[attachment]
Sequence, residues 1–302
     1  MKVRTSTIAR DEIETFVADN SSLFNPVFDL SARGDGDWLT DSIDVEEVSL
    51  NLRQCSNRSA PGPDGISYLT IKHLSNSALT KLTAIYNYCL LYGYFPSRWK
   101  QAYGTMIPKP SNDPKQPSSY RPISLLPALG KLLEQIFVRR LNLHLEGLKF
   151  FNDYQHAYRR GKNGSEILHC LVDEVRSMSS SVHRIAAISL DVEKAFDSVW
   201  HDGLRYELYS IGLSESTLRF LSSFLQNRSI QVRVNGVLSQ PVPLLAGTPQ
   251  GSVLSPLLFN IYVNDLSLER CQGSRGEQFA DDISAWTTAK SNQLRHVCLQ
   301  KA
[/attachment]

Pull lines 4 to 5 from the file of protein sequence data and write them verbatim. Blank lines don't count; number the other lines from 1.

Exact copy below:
   101  QAYGTMIPKP SNDPKQPSSY RPISLLPALG KLLEQIFVRR LNLHLEGLKF
   151  FNDYQHAYRR GKNGSEILHC LVDEVRSMSS SVHRIAAISL DVEKAFDSVW